CRJU145-Justice Information Systems

Week 6 Lecture

Geographic Information Systems (GIS) and mapping technology is not a new tool. Dating back to the 1800’s, authorities used mapping to detect and track the source of a cholera outbreak in London that took hundreds of lives. GIS technology is used in a number of applications and this module discusses the adaptation to crime mapping.

GIS aids crime analysis by:

  • Identifying and highlighting suspicious incidents and events that may require further investigation
  • Supporting pattern and trend analysis across multiple jurisdictions
  • Enhancing the implementation of various policing methodologies to reduce overall crime and disorder
  • Integrating traditional and nontraditional law enforcement data to improve overall analysis
  • Educating the public with visual information to clarify crime concerns and enlist community action
  • Providing tools and techniques to capture crime series and forecast future crime occurrences

Mapping Location of Criminal Activity

  • Law Enforcement agencies can track criminal activity and target detection, prevention, and apprehension in these “Hot Spots” of crime.
  • Focusing police resources to these “Hot Spots” can drive crime away from the high crime areas.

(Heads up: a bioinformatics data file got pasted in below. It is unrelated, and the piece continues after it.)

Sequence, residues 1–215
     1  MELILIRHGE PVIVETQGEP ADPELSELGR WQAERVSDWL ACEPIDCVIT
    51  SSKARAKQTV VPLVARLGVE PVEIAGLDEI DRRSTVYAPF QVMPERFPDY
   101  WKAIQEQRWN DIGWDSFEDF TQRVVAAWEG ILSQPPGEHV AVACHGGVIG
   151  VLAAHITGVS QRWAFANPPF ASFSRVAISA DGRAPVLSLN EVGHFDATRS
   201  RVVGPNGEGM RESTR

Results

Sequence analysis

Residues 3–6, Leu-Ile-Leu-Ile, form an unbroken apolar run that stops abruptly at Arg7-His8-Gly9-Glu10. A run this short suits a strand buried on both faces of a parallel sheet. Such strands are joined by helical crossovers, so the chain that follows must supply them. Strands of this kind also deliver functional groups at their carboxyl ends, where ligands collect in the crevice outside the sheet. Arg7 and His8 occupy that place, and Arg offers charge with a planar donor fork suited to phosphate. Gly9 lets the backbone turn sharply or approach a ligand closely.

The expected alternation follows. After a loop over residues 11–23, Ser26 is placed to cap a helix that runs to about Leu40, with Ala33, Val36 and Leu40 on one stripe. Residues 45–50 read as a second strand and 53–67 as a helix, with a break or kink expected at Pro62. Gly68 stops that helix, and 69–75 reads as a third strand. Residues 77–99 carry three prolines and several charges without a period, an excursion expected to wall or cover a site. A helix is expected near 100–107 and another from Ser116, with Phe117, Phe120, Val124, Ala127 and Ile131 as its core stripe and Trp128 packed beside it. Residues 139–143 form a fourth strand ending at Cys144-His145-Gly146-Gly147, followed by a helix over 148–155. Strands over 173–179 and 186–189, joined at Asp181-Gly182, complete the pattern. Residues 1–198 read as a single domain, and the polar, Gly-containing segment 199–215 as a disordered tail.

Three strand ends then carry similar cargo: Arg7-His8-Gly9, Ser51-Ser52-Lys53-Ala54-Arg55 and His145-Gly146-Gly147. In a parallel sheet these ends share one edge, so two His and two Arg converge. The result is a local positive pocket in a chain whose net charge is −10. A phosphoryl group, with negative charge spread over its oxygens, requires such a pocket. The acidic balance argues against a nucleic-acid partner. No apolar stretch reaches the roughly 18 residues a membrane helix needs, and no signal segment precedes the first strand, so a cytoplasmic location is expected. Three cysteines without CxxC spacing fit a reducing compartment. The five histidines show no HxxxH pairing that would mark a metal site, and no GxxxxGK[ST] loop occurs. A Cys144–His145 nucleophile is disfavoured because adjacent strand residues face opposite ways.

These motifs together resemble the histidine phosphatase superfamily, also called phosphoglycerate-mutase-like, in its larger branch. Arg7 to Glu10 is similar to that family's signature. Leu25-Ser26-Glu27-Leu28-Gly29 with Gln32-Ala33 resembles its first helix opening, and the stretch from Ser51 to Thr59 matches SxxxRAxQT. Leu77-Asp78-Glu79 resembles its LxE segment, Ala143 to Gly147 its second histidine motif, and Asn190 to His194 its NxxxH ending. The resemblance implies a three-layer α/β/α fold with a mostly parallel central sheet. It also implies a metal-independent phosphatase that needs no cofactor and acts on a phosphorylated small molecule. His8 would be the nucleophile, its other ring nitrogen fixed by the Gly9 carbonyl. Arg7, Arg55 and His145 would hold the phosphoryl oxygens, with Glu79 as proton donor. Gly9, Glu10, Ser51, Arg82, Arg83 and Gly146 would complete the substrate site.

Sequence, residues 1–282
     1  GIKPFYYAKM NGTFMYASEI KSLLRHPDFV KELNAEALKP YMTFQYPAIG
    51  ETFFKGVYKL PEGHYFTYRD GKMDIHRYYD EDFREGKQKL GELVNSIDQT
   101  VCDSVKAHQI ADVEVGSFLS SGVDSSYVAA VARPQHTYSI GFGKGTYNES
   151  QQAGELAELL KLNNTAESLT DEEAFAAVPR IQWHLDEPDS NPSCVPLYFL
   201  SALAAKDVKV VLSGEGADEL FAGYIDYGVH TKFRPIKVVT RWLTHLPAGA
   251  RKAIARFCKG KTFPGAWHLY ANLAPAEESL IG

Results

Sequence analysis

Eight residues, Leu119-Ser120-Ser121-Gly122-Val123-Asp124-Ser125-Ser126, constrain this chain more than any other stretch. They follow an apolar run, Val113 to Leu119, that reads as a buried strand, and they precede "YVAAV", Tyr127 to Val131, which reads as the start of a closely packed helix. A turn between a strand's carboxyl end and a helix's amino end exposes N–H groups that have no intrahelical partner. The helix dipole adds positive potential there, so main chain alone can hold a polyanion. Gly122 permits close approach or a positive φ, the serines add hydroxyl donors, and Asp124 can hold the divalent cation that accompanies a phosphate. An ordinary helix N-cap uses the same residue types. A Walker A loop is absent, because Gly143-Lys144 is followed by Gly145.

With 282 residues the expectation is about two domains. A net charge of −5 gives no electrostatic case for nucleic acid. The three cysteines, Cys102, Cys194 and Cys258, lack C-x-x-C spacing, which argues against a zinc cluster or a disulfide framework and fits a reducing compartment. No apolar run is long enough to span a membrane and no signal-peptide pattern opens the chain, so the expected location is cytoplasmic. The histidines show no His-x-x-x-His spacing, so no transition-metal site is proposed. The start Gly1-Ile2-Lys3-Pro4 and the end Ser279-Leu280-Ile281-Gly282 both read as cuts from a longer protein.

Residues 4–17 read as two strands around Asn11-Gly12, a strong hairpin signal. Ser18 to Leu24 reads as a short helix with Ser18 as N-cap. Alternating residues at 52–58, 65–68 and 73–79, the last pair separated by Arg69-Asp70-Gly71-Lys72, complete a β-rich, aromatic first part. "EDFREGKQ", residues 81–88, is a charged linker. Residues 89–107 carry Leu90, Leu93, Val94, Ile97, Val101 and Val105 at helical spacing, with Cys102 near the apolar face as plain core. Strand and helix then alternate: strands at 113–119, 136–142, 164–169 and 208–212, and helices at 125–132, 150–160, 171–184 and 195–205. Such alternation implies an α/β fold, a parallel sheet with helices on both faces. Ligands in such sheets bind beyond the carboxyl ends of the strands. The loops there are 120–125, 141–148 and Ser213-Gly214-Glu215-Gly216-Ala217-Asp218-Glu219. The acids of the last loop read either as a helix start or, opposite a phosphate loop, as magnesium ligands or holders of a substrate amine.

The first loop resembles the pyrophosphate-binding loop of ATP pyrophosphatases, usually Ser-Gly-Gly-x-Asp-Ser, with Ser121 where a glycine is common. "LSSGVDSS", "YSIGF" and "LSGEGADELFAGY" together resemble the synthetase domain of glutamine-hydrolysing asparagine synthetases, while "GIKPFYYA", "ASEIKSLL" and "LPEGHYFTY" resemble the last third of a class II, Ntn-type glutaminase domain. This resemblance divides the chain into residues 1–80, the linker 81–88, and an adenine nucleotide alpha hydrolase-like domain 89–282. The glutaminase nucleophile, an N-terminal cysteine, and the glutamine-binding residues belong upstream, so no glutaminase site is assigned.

Mapping Locations of Criminals

  • Knowing where criminals live can be used to predict the movement of crime.
  • Allows the courts and corrections departments to inform the public

Mapping Location of Resources

  • Keeps track of what law enforcement resources are in which areas, allowing quicker response times to calls for service
  • Informs the public of social service resources to aid offenders in rehabilitation

Strategic Crime Mapping

Physical Features of the Environment
  1. Schools
  2. Bars
  3. Abandoned Buildings
  4. Transportation Outlets
  5. Parks

Social and Economic Indicators
  1. Crime Patterns
  2. Economic Factors
  3. Crime Prevention and Control

Supplemental Resources

In order to access this resource you must click the downloadable PDF links below.

Data-Toting Cops.

By: Mullaney, Tim. Technology Review. Jan/Feb2015, Vol. 118 Issue 1, p61-62. 2p. 1 Grap

National Criminal Justice Reference Service


Pattavina. (2005). Information technology and the criminal justice system. Thousand Oaks, Calif: Sage Publications. Chpt 7 p. 147-65

Anselin, L., Cohen, J., Cook, D., Gorr, W., & Tita, G. (2000). Spatial analysis of crime. In J. Horney (Ed.) Criminal Justice 2000 Washington D.C. U.S. Department of Justice p. 213-62

Pattavina, A., Pierce, G., & Saiz, A. (2002). Urban neighborhood information systems: Crime prevention and control applications. Journal of Urban Technology, 9(2), 37-56